In the 1941 Hill’s Wilson, N.C., city directory: Mable Annie (c) maid h 504 S Lodge
In the 1947 Hill’s Wilson, N.C., city directory: Mable Annie (c) h 504 S Lodge
Photograph by Lisa Y. Henderson, December 2017.
Per an eBay listing for a reproduction of this photo: “Photo. North Carolina. Black girl and doll carriage. The girl’s name is Edna Earl Gaston. She was the niece of John Clark who was a founder of St Mark’s Episcopal Church. He was also the first Black mail carrier in Wilson, North Carolina. 1925.”
In fact, Edna Earline Gaston was the daughter of Albert Sessle Gaston of Wilson and Annie House Gaston of Moore County, North Carolina. John H. Clark was her great-uncle, brother of Albert Gaston’s mother Ella Clark Gaston.
In the 1900 census of Town of Wilson, Wilson County: Ella Gaston, 30, divorced, with sons Ralph, 10, and Albert, 2. [Also in the 1900 census of Town of Wilson, Wilson township, North Carolina: 44 year-old barber John Gaston, [second] wife Sabrina [Sattena] 22, and children Theodore, 13, Cicero, 10, George, 8, and Caroline, 2 months. John A. Gaston was Albert Gaston’s father.]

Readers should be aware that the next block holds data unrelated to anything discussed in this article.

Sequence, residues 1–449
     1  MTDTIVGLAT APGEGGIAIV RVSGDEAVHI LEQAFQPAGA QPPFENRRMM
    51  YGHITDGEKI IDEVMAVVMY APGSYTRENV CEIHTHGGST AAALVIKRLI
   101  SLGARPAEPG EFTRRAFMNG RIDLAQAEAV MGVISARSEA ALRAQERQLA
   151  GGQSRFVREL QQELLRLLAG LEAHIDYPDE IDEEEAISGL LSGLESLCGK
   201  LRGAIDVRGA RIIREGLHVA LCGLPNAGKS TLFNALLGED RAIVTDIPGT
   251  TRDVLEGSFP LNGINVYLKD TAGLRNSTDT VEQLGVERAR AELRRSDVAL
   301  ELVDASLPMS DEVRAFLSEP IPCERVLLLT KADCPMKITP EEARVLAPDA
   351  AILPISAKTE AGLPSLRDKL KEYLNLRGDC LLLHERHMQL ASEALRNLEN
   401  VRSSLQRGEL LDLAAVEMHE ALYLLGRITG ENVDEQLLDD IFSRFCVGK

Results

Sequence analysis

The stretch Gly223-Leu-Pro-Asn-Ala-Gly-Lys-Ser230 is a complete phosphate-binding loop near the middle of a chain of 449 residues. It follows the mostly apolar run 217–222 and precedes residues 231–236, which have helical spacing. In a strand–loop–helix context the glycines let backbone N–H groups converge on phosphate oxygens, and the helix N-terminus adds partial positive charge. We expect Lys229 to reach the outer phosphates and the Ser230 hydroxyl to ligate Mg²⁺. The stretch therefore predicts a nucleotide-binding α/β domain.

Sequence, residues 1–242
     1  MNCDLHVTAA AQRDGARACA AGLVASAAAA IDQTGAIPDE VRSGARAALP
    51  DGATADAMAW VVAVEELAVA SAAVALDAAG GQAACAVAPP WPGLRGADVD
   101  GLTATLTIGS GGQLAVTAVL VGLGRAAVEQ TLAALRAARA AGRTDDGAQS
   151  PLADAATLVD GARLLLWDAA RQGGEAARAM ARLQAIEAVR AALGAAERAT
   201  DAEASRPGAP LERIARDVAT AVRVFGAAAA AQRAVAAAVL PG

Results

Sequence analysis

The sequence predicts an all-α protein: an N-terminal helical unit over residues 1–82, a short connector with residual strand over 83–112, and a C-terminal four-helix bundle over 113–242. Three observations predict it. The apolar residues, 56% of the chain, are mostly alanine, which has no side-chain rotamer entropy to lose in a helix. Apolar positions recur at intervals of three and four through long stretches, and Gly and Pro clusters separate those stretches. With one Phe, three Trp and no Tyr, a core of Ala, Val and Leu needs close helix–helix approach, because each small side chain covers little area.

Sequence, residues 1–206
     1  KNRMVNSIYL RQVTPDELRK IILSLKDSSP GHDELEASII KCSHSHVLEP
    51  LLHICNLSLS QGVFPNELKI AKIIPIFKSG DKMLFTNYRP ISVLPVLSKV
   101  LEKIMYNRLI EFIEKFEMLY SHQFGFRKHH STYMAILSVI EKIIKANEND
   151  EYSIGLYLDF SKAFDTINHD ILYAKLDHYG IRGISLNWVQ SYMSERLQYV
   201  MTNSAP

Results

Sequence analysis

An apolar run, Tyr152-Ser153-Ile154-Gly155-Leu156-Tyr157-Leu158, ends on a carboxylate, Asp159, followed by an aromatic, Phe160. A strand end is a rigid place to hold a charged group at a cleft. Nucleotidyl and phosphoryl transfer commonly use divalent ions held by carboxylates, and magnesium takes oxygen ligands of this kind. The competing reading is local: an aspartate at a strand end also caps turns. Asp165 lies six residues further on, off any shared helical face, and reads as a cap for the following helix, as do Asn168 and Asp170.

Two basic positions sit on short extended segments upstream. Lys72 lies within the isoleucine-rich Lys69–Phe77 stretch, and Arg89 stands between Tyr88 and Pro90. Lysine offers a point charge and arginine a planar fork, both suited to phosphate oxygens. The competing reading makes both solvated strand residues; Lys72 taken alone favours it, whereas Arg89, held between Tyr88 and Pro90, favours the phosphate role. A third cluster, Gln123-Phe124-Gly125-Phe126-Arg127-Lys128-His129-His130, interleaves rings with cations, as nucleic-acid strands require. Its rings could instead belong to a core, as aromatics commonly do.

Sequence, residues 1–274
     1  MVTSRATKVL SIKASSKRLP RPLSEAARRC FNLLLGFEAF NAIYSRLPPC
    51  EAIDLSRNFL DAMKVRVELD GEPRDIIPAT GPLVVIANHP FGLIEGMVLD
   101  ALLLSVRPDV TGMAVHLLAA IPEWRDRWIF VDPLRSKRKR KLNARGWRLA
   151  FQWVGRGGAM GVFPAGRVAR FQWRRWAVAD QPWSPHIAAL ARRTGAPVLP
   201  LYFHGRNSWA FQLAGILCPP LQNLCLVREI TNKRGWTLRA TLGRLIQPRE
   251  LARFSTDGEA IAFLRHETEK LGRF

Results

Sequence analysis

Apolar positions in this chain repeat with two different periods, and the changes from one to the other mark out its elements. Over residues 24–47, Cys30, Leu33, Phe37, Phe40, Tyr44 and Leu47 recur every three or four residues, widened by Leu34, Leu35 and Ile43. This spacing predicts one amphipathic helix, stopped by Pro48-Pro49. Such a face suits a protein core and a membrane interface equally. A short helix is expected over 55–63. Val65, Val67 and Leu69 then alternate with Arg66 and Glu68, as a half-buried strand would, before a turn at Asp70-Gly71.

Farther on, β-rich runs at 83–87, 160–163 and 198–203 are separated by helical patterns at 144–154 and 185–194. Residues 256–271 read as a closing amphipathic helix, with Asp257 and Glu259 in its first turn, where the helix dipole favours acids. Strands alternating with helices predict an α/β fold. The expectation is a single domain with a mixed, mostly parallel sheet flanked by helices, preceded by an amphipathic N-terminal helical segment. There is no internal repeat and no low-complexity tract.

In 1918, Albert Gaston registered for the World War I draft in Philadelphia, Pennsylvania. Per his registration card, he was born 16 August 1897 in Wilson, N.C.; resided at 2105 Nassau Street, Philadelphia; worked as a longshoreman; and his nearest relative was Anna Gaston.
In the 1920 census of Philadelphia, Philadelphia County, Pennsylvania: at 2105 Nassau Street, building laborer Albert Gaston, 22; wife Anne T., 23; daughter Edna E., 1; lodger Harry Jenkins, 19, a laundry laborer; and “mother” Hellen Hunton, 53. All were born in North Carolina.
Shortly after the census, the Gastons returned to North Carolina, where they took positions in Annie H. Gaston’s home county. On 28 April 1921, The Moore County News of Carthage printed principal Albert Gaston’s address to the Shady Grove colored school.